Ongoing fire protection ​​​checks


For buildings which require internal fire protection systems, an initial assessment is conducted after construction. Following this initial assessment there is no obligation to have fire systems checked at any later date and no auditing of these systems is carried out. While this is of concern, legislation or regulation does not exist to enforce compliance or allow for random checks.


Natural hazar​​d safety


Looking beyond fire, safety from natural hazard impacts is typically not considered when purchasing/renting a property and residents may be unaware their home could be impacted by natural hazards. An awareness of the impacts of wind driven rain, hail, wind, inundation, fire and earthquake shaking would allow home owners to make informed decisions about the location of their property and the quality of property they invest in.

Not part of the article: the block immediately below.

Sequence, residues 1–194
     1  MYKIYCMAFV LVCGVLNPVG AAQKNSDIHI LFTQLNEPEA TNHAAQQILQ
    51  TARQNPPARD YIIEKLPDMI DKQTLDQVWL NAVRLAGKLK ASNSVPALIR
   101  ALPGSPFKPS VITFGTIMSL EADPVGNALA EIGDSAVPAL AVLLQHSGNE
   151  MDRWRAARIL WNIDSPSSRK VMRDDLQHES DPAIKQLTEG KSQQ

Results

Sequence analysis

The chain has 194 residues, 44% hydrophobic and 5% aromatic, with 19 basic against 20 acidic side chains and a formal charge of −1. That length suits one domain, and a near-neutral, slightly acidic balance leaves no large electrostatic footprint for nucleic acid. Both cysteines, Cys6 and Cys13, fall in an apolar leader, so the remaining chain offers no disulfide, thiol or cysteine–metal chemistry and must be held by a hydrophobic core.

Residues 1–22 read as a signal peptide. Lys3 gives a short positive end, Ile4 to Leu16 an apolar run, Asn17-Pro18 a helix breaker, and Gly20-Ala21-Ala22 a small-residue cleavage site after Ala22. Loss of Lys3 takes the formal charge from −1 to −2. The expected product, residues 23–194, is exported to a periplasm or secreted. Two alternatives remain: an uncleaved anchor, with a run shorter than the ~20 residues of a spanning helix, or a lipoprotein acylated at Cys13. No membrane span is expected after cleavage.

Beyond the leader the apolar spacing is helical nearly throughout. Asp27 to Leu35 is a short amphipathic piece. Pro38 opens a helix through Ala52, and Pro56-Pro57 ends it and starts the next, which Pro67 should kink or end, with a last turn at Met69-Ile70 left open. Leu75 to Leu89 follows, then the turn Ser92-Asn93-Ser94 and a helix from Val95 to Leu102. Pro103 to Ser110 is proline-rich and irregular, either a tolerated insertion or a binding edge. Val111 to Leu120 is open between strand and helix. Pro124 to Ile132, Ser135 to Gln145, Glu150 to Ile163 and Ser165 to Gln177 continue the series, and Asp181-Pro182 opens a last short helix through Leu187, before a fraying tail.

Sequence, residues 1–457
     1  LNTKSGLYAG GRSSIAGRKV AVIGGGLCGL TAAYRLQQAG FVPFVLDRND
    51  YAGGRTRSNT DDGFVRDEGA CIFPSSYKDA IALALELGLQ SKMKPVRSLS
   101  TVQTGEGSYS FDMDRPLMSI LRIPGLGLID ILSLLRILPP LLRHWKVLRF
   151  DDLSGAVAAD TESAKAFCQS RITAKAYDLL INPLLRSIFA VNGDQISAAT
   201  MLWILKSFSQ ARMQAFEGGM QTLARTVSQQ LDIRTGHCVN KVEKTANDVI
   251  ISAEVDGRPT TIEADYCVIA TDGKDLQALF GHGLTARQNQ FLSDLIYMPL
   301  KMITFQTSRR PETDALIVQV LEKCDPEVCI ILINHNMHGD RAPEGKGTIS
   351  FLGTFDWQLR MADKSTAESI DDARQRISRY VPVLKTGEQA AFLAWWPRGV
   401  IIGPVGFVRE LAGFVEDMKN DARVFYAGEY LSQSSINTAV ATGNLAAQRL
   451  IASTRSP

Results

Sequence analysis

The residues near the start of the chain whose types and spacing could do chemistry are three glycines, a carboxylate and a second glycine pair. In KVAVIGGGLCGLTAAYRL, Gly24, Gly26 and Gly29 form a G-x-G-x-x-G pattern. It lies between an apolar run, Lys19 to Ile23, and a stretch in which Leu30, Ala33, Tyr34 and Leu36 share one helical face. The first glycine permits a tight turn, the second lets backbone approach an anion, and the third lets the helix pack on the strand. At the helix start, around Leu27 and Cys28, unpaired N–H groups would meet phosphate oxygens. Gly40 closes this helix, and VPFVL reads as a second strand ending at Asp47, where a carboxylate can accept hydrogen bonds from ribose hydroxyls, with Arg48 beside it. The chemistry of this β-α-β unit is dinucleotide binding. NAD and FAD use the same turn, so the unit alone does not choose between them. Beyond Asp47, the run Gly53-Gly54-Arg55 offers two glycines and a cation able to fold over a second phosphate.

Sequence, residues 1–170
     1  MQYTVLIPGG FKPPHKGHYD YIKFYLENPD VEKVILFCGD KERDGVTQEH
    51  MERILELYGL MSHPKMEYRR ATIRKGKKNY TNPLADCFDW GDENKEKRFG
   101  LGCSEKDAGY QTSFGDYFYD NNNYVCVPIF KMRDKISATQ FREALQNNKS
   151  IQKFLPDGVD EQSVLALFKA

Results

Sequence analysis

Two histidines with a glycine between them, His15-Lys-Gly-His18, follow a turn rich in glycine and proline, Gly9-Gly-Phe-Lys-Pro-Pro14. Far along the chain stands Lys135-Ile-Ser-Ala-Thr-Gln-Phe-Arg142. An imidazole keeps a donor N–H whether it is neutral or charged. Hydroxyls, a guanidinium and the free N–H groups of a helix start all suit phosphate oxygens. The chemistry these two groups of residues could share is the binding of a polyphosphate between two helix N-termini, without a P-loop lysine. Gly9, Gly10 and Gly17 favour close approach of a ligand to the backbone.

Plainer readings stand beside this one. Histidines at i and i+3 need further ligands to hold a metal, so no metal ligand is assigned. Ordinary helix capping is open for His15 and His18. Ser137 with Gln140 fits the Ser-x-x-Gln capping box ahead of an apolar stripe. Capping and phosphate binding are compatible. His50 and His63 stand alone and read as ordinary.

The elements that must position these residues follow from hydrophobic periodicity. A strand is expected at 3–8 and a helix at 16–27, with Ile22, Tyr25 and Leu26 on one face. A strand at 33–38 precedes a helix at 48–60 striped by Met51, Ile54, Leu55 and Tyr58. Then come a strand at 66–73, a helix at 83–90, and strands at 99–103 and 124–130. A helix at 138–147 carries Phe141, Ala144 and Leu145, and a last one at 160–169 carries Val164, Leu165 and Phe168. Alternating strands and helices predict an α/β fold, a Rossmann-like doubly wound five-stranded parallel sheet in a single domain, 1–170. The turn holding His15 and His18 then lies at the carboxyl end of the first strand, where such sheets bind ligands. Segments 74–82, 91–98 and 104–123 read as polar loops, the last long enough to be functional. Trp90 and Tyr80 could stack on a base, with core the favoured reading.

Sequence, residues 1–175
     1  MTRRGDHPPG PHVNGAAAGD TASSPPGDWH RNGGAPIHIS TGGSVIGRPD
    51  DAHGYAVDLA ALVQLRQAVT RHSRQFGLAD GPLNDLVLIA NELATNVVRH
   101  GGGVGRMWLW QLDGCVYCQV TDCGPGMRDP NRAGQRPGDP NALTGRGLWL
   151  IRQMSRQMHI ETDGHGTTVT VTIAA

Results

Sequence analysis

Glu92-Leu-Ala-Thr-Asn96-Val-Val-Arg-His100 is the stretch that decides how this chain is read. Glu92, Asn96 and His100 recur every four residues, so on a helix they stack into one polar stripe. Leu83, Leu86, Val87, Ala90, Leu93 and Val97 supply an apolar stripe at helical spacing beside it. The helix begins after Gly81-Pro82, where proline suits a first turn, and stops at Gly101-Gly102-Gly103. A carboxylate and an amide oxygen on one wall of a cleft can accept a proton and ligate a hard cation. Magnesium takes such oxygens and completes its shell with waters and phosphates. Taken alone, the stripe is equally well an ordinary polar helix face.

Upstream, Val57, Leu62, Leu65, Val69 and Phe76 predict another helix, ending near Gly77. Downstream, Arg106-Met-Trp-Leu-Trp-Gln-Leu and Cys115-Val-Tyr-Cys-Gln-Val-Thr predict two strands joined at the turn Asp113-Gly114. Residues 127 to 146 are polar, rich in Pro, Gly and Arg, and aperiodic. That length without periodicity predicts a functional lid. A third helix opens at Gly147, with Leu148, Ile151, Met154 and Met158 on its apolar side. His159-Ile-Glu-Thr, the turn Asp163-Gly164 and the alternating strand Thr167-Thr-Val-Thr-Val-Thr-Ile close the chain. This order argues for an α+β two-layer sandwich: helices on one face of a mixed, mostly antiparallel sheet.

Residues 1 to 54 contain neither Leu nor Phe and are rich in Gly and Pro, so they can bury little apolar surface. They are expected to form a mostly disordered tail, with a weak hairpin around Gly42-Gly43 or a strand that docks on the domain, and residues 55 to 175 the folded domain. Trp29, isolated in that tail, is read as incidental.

Reliance o​​​n expertise


Home-owners must also rely on the knowledge and expertise of a number of sectors (e.g. engineers, surveyors, plumbers, electricians, builders). Often, the responsibility for sub-standard building materials or construction lands with the homeowner as there is limited responsibility within the system.


What​​ ca​​n be done?


The five top rated treatment ideas suggested would require the support and involvement of industry and government:


1. Mandatory inspection of properties following construction                    

2. Refining and improving the Map of Bush Fire Prone Areas (for bushfire risk)

3. Mandatory accreditation and competency for building industry professionals                               

4. Mandatory accreditation for Bushfire Attack Level assessors                 

5. Integrated land-use planning and building schemes​